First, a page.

This doesn’t necessarily mean that there is no effective way to combat corruption. Indeed, there’s much we can learn from the Brazilian experience.
During Mr. da Silva’s administrations, the Brazilian justice system underwent a profound reform process that increased funding and resources, created specific jurisdictions to fight money laundering, and increased interagency cooperation to follow the money and hunt down white-collar criminals.
Mr. Moro and the members of the investigation were empowered to act decisively and get results; this bothered Mr. Bolsonaro, who has done everything possible to reverse these policies. The problem is that Mr. Moro and the prosecutors perverted these institutional advances — including their independence from public power — by transforming a simple temporary task force into an entity above the law at the service of a political objective, initially relying on the support of the higher courts.
Mr. Moro, who resigned from his ministerial position in April 2020, made clear during his stint in the magistracy and the executive that like his former boss, he believes that democracy and the rule of law can be set aside in the name of the fight against corruption. And even that statement can be disputed now that Mr. Moro, in a clear conflict of interest, works for a law firm hired by Odebrecht.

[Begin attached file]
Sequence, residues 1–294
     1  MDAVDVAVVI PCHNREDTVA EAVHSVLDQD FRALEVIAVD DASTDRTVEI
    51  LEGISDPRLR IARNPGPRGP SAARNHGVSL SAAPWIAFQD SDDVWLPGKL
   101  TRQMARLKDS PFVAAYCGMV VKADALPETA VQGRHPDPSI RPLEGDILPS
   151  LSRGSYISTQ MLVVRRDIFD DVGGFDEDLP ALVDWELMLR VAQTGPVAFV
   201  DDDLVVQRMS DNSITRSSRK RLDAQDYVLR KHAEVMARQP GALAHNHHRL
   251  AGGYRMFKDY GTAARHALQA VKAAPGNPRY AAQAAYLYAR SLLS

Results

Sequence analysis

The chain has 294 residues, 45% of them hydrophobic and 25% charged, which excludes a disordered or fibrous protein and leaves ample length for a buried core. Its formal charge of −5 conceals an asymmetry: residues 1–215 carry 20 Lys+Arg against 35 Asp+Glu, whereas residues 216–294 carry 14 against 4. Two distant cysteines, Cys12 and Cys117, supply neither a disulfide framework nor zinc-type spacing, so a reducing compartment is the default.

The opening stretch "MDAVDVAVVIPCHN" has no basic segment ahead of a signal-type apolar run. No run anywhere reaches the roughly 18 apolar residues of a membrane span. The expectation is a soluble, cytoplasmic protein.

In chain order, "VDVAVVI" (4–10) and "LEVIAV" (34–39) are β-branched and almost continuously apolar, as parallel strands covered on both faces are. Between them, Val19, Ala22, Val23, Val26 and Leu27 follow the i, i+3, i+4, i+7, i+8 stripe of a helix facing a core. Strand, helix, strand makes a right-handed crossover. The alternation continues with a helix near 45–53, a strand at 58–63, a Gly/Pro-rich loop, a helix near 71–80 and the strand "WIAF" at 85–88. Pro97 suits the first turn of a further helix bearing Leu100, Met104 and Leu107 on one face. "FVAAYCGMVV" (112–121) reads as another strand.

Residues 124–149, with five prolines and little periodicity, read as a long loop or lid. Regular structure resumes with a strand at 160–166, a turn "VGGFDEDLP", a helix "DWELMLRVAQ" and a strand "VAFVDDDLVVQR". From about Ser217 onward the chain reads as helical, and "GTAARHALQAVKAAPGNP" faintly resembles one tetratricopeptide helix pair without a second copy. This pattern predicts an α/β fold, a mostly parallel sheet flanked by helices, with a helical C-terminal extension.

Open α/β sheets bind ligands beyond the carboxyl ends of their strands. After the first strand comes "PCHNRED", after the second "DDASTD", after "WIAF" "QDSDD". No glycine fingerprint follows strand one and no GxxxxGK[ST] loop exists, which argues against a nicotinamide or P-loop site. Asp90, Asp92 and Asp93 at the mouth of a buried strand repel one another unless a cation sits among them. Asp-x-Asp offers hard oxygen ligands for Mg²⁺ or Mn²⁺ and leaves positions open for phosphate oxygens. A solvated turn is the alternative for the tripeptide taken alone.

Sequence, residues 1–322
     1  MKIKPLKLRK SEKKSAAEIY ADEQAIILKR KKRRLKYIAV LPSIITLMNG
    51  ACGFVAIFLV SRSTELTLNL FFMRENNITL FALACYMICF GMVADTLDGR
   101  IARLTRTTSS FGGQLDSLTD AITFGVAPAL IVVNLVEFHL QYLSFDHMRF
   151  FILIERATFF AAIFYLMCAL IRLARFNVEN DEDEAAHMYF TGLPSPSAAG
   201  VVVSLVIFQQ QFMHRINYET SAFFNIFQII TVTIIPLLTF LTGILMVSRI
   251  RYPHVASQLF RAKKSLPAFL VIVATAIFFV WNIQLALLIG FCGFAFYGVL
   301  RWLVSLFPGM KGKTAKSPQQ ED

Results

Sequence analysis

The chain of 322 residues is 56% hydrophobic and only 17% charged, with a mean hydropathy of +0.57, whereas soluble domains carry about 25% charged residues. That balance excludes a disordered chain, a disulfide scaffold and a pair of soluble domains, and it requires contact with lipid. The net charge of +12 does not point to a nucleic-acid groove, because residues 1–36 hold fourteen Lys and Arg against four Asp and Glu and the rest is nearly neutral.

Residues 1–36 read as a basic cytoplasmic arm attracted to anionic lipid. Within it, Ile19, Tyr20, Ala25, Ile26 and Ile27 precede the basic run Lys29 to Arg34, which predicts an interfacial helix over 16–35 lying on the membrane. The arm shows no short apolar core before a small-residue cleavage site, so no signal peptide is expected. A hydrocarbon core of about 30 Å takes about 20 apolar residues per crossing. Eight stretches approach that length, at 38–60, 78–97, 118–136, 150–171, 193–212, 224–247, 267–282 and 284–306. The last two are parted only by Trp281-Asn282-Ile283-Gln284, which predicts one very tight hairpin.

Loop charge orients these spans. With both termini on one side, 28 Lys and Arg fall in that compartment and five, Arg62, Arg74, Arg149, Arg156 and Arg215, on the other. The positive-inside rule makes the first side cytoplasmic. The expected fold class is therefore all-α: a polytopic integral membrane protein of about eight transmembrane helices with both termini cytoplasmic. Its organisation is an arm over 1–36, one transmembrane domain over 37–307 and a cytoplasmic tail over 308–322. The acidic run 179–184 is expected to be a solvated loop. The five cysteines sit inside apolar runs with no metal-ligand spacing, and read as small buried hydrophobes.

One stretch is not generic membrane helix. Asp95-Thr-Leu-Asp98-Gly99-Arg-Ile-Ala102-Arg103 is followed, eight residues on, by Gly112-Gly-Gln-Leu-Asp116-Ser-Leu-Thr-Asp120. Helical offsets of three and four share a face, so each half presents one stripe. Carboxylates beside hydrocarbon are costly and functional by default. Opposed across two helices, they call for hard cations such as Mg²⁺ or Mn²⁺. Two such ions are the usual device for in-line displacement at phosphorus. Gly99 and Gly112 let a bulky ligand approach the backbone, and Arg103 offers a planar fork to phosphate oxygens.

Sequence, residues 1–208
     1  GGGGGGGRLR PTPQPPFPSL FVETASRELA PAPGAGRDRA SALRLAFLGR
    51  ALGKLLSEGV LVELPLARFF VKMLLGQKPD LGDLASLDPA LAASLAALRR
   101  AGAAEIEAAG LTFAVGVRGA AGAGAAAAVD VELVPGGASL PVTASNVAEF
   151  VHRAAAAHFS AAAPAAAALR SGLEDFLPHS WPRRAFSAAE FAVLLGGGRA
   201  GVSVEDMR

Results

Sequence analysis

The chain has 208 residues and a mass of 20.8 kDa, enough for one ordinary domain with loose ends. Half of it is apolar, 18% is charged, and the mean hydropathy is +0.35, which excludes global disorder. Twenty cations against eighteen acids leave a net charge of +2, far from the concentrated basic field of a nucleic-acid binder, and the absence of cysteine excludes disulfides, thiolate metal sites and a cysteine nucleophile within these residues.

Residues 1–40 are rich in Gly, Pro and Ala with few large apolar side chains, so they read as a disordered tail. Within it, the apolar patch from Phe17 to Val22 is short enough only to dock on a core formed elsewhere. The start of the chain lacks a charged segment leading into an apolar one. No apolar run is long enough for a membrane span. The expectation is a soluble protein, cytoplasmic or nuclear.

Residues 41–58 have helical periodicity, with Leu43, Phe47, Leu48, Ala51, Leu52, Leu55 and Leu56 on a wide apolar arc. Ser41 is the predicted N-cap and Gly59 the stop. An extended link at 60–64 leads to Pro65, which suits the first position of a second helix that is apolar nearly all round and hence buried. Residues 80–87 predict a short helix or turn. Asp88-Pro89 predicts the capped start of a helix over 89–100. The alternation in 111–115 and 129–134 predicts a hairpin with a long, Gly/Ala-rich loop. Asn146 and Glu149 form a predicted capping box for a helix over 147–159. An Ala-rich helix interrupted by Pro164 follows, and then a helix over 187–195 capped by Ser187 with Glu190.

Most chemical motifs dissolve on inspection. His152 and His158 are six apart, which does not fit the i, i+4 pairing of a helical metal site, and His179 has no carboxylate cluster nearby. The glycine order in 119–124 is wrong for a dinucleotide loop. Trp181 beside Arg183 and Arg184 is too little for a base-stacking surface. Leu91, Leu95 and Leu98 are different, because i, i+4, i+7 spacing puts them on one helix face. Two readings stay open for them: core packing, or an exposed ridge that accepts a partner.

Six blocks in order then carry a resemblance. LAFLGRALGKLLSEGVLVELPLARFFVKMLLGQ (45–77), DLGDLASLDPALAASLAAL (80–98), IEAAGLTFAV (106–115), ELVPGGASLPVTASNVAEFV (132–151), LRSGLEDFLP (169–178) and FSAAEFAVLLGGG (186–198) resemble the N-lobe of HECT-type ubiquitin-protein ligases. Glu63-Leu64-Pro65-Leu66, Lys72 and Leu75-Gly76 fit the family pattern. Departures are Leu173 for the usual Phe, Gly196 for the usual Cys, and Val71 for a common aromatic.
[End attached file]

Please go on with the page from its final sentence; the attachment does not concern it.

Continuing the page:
To put an end to the promiscuous relationship between money and politics — the underlying problem revealed by the operation, and its main accomplishment — it is not enough to prosecute and imprison. Companies were bankrupted, and the country was put in turmoil, but even after hundreds of arrests, corruption has not abated.
Brazilian democracy is in danger. To change this, it is necessary to go beyond prosecution and institute true political reform that can help address the root of the problem by attacking the illicit financing of political campaigns. It is also necessary to introduce more effective tools of accountability in the judiciary, in order to avoid cases like Operation Car Wash, which had institutional protection even after it became clear that wrongdoing had been committed since the early stages of the investigation.
Operation Car Wash is over, but its story has yet to be fully told. For Brazil to face its multiple crises, to truly attack corruption and overcome this dystopia, there must be a critical reassessment of the investigation.
Gaspard Estrada (@Gaspard_Estrada) is the executive director of the Political Observatory of Latin America and the Caribbean at Sciences Po in Paris. This essay was translated by Erin Goodman from the Spanish.
The Times is committed to publishing a diversity of letters to the editor. We’d like to hear what you think about this or any of our articles. Here are some tips. And here’s our email: firstname.lastname@example.org.